CODA, which has developed an on-demand financial application built on the Force.com platform has inked a partnership deal with Corefino, the Sunnyvale CA. based accounting outsourcer. Dubbed Corefino2go, the service sees CODA providing the technology requirements for Corefino's people, place and platform offering.
Karen Watts, Corefino's CEO explains: "I started this business because I was stuck in the vortex of number crunching and could not do the strategic things needed of a modern CFO. So what we're doing is solving a pain point. It's in our best interests to partner with companies that are closely aligned to our view of the world and CODA fits that well."
I was interested to discover what differentiates this from other go to market deals of this nature. Jeremy Roche, CEO CODA said: "We got the deal done in around eight weeks, in part because from the early meetings, it was clear that we have similar objectives."
Corefino operates in four main verticals: healthcare, alternative energy, electronic gaming and municipalities/non-profits. These are not markets with which I particularly associate CODA and wondered how the partnership might work: "We're not anticipating a lot of customizations being required inside CODA2go because many of the 500 financial processes are not really about how the technology handles things but about the way we address specific problems," said Ms Watts.
What's striking about this deal is that while Corefino represents a channel to market for CODA2go, Corefino will be the customer as their people will be operating the software on behalf of end user organizations. "We'll be running our business on this and will be providing quarterly feedback to the CODA team to make sure they know what needs working upon," Ms Watts continued. Corefino has around 40% of its customer base in companies that have an international element to their operations. CODA2go built international requirements functionality from the get go, making it a good fit for these types of business.
As to the specifics and from the press release, the partnership hopes to deliver the following benefits::
- key business processes and applications implemented, managed and maintained by specialists leaving the company free to focus core business activities
- reduced reliance on internal and frequently scarce IT and administrative resources so that organizations can ensure their people are working on more strategic business processes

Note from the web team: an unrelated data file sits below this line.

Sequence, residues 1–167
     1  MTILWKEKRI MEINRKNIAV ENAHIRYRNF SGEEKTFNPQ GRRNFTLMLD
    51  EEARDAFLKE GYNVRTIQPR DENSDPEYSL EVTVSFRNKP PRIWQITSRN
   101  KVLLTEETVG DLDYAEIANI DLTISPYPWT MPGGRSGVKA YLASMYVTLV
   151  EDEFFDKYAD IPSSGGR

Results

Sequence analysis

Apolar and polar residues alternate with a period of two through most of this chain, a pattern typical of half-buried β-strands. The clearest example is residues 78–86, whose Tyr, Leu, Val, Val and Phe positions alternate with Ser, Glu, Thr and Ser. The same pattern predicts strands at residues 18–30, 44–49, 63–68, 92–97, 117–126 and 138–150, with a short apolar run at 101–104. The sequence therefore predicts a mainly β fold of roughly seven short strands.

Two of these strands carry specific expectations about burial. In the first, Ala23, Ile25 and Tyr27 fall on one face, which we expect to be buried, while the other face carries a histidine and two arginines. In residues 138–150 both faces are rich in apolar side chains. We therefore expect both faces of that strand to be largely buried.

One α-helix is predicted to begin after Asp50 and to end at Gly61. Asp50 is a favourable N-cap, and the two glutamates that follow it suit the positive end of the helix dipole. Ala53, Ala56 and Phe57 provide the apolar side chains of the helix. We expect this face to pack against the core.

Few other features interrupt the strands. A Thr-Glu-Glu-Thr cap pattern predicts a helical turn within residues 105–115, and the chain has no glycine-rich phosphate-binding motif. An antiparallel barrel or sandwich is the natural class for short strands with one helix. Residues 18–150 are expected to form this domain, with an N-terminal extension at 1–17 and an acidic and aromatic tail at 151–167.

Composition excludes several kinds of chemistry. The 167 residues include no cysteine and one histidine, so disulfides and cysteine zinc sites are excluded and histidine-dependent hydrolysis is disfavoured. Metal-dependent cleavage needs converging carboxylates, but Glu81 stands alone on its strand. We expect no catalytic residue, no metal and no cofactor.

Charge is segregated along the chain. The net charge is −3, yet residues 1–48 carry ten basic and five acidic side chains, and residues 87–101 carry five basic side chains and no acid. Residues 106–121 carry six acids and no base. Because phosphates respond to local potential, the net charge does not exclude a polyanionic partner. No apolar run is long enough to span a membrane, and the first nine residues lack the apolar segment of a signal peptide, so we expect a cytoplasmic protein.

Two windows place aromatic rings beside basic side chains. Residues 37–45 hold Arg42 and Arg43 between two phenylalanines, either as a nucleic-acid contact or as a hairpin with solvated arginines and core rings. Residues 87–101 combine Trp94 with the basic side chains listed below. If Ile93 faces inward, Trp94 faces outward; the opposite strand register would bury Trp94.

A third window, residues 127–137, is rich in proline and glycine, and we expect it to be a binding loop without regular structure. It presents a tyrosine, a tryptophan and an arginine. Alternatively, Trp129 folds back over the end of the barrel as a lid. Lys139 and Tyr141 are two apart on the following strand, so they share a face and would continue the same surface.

- a cost-effective means to access a best-of-breed finance system, delivered via the internet and charged on a per-user, per-month subscription basis
- ability to benefit from affordable business process outsourcing
- rapid deployment and return on investment
- secure anytime, anywhere access to financial data for a complete view of business performance none of the issues related to on-premise software, such as ongoing maintenance, post-implementation changes or system upgrades.
A sign of CODA's enthusiasm for the deal can be taken from CODA's announcement that it is hiring staff for the Valley area. "There will be some staff working in Corefino's offices," said Mr. Roche.
I asked Ms Watts to talk to the issues around outsourcing in the current economy: "In 40% of the deals we closed in the last quarter, the CFO was initially skeptical about whether we could truly reduce cost, asking about how we do it and how would we integrate with what they are already doing." The reality is that as saas becomes better understood by end user organizations, the opex versus capex argument is proving powerful in a cash strapped economy. It's also reasonable to say that cloud computing techniques allow service providers with new opportunities to develop business models where value can be added of the kind Corefino is developing.
See also: Brian Sommer details the choices that CFOs have to make and the place that Corefino occupies in this space.
Disclosure: CODA is a sponsor at my personal weblog and has been a recent consulting client albeit on unrelated matters.